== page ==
The art of the spray: How the LPGA Tour celebrates in style
If you've watched the LPGA Tour at all, you've probably seen it happen. Odds are, you'll see it again this Sunday.
"It" refers to how LPGA pros treat their winners and it might be what separates the women from the men in golf more than anything. The women shower their victors with praise. Literally.
Win an LPGA Tour event and there's a great chance you're going to walk off the 18th green soaking wet. Lose one, and there's still a good chance you'll be part of the spraying celebration.
"It's a small little-knit group out here. . . . Somebody's going to always be there for you and it's nice to see everyone come together and root for each other," Brittany Lincicome said. "Any chance I get, if it's a friend and I'm still there, you'll definitely see me out on the green."
"I think you've got to give to receive. That's always what I live by," Sandra Gal added. "We're always happy for our friends when they win and that shows the spirit of our tour."
LPGA Senior Director of Social Media Tina Barnes-Budd agreed.
"[LPGA Commissioner] Mike Whan's big mantra is 'Hugs, not handshakes.' He wants it to be very fun for the fans," she said. "They all seem to get into it."
Barnes-Budd wasn't sure when the tradition started, but remembered players doing it with beer at the Michelob Ultra Open at Kingsmill, which began in 2003. The oldest photo we could find of that was Cristie Kerr getting doused by Natalie Gulbis and her then boyfriend and now husband Erik Stevens in 2005.
And here's Se Ri Pak in 2004 at Kingsmill with a trophy full of beer.
And here's Pak with an empty trophy.
Wait, did she drink that whole thing?!
But back to the spraying, while no one could give an exact answer as to how it began, most agreed Christina Kim has long been one of the ring leaders of the practice. Here she is drenching Karrie Webb with bubbly at the 2006 Kraft Nabisco. Observe her good form. The precision. The power. Now that's talent.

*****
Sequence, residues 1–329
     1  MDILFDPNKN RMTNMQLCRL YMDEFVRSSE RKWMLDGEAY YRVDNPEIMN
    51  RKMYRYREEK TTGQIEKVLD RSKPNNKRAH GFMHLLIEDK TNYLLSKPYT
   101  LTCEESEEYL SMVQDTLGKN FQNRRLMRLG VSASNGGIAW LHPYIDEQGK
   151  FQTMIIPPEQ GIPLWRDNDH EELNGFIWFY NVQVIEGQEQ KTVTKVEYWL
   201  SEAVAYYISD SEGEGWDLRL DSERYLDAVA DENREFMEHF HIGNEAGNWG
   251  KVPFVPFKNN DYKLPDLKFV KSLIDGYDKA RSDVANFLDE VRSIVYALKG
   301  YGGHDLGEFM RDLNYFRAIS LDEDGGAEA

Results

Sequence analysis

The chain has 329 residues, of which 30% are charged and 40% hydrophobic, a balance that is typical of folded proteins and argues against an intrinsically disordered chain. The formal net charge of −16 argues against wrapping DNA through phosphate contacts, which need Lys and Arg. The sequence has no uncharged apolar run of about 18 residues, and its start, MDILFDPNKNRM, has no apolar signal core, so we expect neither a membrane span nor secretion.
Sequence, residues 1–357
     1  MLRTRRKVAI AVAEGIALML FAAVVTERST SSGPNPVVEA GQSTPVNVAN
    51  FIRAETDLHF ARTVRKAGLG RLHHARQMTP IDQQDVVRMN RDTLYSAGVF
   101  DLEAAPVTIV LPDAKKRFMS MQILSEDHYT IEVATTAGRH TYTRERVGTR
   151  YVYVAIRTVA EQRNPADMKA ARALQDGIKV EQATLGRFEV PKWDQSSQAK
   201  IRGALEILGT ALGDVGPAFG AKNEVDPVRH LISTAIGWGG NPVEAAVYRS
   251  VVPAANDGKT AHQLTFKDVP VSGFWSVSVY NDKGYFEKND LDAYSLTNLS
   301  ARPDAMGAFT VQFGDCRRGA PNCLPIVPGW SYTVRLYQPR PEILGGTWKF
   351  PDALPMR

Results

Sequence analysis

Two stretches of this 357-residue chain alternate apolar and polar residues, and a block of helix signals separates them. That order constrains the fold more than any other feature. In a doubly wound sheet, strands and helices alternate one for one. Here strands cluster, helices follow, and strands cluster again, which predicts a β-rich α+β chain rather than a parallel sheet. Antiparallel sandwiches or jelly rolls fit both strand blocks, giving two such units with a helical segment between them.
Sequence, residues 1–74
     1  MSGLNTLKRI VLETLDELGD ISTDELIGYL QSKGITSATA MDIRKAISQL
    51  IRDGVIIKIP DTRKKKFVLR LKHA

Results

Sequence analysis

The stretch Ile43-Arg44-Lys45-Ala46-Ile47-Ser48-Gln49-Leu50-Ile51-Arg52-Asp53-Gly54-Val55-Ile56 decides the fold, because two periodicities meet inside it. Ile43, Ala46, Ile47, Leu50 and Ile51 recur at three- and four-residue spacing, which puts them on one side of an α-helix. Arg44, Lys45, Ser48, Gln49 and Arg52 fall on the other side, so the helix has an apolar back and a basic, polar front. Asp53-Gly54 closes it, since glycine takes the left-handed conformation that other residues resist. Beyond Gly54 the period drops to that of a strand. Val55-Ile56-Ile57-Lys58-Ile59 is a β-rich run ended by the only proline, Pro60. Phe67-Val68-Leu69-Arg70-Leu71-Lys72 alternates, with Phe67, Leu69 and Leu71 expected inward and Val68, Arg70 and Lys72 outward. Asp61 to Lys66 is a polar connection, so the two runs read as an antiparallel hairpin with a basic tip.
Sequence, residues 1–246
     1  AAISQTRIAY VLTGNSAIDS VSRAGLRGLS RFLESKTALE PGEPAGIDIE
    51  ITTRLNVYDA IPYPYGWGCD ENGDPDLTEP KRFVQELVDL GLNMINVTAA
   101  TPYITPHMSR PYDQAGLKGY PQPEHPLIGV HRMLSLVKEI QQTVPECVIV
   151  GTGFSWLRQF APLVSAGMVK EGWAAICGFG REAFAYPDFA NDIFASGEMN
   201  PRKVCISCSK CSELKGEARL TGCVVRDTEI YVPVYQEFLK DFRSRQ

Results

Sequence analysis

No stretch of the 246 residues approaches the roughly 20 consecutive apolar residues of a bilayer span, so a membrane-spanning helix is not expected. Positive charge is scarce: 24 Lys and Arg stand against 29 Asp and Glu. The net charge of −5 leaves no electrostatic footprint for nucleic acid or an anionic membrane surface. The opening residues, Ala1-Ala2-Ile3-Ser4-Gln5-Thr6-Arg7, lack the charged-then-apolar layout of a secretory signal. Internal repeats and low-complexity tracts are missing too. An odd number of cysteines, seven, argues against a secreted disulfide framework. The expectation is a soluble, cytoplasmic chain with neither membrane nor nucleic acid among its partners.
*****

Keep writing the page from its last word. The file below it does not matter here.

Kim says she vaguely remembers seeing LPGA players spraying winners growing up, but couldn't pinpoint a specific event. In other words, she's not the Spraymother as many believe. But as a participant, Kim is somewhat of a purist, only doing it if champagne is involved -- and if the win has special significance.
"Every win is important, but I'm not going to shell out 100 bucks a week just to spray, like, 'Hey, Inbee [Park], this is your 49th win,'" Kim said. "We're going to pitch in for the good stuff. We're not going to spray water."
Others aren't as picky.
"Whatever's available," Gal said. "Obviously, you want it to be champagne. Sometimes it's beer, which is not very good. If everything fails, then water."
"I remember after my first win I did not get sprayed and I was so bummed," Brittany Lincicome said. "And then every time after that, I've been sprayed. I'd take anything. I love it. We even used shaving cream in the Bahamas."
Gal went as far to take the tradition to the guys last year when countryman Martin Kaymer won the U.S. Open at Pinehurst, where the U.S. Women's Open was contested the following week.
"It was just an impromptu thing," Gal said. "I never thought twice when I went on the green to spray Martin. And then I realized, 'Oh, the guys don't do it. Oops, sorry!' and I apologized to him, but I was just so excited."
Unfortunately, it hasn't caught on yet on the PGA Tour.
Inbee Park combined two traditions after winning the ANA Inspiration in 2013. Park made the winner's leap into Poppy's Pond, but because her father couldn't be at the tournament, she bottled up some of that water and dumped it on him when she saw him next. Hope she gave him fair warning.
Gal and others thought the Koreans on tour might have started the spray, and considering how much they've won in recent years, that's an easy conclusion to come draw. But Park doesn't think so.
"It was already there when I got on tour so I just thought that's how it's always been," Park said. "It's just a fun way to congratulate each other. When you get something like that, you try to wait for your friend and you do it for them as well. It builds good friendships."
But what if a minor like Lydia Ko is involved?
"We probably should use water," Lincicome laughed.
Kim added, "At the CME, Octagon brought a case out. I said, 'That better be sparkling cider, because [Lydia Ko] can't drink yet.'"
"But we kept it neck down." And the photos seem to back that up. Again, Kim has mastered this art over the past decade.
Not that Ko, despite her initial surprised reaction, seemed to mind the champagne shower.
"It was definitely a special moment and I was so glad to share that moment with amazing girls," Ko said. We hope she shared that bottle too. . .
So how does one round up a spray crew at the end of a tournament?
"It's just 'Hey, champagne!' And we've got to go find some somewhere," Kim said.
Sounds like a plan. No glasses necessary.